It is Super Bowl pool time again. If you’re wondering whether that pool can be legally problematic, an expert says no, as long as you think small.
Ultimately, though, it really depends on where your company is located. In New Jersey, “social betting” is legal as long as there is no kickback to the organizer.
Kathie Caminiti, a New Jersey labor attorney and partner with Fisher and Phillips says the betting pools are legally benign in New Jersey as long as it just runs around the workplace.
“If it’s social activity, the law is not going to get in the way and create any legalities as long as there are no kickbacks,” Caminiti said.
The attorney said the poll may also cross a legal line by getting too big, “it doesn’t seem to be ‘social’ any more, or where somebody is taking something ‘off the top’ for their trouble for organizing the event.”
According to Camaniti, legal problems can also arise if the pool involves interactive gambling with other offices in other states or on the internet, which can run afoul of federal law.
She says “it gets tricky if an office has locations in other states or they are using the internet or faxes to essentially take bets or submit boxes, because then you are using interstate commerce, and it actually could be a violation of federal law.”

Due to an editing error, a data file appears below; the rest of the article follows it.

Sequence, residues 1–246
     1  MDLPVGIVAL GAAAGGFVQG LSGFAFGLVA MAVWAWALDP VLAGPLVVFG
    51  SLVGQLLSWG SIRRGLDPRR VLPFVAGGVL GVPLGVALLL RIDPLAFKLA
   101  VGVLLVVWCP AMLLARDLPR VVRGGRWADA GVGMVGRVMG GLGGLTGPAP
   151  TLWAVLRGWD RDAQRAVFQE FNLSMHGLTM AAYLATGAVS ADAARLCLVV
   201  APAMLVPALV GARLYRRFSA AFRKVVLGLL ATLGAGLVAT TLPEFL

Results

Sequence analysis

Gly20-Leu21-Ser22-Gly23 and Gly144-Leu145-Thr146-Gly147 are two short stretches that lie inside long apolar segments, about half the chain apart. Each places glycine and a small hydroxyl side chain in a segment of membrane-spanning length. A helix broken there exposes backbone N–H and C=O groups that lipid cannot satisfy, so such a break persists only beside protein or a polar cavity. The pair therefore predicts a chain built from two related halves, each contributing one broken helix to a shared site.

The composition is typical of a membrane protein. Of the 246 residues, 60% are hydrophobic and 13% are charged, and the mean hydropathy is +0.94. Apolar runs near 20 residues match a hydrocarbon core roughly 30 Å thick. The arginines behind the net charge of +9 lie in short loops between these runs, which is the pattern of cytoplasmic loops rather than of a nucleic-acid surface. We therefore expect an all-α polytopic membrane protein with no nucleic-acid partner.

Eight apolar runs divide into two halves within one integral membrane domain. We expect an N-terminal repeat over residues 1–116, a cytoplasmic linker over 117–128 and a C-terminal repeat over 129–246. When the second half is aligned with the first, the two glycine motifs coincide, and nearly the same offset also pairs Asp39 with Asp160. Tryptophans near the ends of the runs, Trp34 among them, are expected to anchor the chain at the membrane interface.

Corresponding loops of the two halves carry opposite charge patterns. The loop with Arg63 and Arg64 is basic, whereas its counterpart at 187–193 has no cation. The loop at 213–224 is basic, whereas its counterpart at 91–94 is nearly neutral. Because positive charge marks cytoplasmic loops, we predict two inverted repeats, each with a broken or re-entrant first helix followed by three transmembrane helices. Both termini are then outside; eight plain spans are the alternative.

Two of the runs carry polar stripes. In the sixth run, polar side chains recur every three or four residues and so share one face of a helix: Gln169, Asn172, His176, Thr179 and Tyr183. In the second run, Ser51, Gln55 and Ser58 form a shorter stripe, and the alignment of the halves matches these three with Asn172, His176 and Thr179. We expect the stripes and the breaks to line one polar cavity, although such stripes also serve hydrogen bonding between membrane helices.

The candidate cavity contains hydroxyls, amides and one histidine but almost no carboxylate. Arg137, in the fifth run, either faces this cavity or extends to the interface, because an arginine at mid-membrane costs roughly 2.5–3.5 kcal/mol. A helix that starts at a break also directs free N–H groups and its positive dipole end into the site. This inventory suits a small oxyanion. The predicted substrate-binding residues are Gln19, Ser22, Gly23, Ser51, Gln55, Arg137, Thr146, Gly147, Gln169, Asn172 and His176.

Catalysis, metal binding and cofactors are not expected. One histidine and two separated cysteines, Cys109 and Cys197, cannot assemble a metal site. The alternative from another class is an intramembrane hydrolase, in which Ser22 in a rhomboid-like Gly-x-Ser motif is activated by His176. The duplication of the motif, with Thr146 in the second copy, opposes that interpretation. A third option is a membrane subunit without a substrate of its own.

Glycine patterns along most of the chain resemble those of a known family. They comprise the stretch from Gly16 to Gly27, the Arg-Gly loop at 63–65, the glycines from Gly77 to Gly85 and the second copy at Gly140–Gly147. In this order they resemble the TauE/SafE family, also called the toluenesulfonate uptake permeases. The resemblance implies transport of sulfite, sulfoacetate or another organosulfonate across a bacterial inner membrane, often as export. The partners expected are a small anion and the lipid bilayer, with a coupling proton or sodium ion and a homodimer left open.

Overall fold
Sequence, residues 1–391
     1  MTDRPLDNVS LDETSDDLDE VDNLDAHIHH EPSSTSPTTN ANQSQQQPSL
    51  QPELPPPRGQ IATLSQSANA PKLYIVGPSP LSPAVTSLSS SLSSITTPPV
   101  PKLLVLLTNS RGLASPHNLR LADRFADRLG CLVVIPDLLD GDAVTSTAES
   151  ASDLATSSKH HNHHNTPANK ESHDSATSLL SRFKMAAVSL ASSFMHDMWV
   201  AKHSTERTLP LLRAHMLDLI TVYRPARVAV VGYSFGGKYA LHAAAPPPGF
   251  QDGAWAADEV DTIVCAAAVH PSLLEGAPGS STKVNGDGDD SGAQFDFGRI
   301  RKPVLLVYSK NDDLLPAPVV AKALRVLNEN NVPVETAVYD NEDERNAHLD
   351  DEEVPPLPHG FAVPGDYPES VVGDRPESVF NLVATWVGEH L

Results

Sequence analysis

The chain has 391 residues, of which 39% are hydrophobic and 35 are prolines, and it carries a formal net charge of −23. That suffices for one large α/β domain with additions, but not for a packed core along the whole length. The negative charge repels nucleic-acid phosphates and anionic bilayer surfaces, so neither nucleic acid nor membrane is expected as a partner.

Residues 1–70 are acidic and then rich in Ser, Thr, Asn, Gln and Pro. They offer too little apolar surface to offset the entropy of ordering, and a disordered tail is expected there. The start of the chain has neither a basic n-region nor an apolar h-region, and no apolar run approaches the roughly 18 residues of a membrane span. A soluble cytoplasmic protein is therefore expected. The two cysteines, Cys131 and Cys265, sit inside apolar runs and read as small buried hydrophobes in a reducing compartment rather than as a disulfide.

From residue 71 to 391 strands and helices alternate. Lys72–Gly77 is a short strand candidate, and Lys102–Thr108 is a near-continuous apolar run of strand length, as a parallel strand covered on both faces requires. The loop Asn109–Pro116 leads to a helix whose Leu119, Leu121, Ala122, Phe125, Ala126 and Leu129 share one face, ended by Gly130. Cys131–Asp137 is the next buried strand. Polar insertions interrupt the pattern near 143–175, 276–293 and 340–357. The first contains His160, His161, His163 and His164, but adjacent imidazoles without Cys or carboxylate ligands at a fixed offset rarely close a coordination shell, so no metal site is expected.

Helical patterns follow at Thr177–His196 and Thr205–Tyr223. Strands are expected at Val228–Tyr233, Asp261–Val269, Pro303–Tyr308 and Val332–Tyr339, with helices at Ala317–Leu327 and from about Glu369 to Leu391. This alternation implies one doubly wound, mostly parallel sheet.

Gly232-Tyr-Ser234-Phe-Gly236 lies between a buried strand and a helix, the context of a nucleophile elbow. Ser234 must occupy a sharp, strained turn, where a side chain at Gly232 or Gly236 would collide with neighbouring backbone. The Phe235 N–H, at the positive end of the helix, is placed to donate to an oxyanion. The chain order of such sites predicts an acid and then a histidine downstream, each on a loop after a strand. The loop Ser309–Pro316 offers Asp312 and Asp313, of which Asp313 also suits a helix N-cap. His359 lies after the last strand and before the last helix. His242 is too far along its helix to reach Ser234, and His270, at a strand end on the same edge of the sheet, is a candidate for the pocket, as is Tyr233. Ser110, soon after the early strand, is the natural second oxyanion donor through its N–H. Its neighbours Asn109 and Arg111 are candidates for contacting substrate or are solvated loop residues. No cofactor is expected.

The only other issue might be workplace friction that involves certain staff members. Caminiti said there could be a problem that might involve, “a discrimination complaint if gambling is against someone’s religion and they complained about it or felt coerced to engage in that activity. Those would be the type of lawsuits that would come to mind immediately.”
Employers, the attorney said, have two different issues: one is a loss of productivity, for which they would want to make sure they have policies in place. And two, as long as an employer is only operating in New Jersey, they would not have to worry about the gambling laws in our state.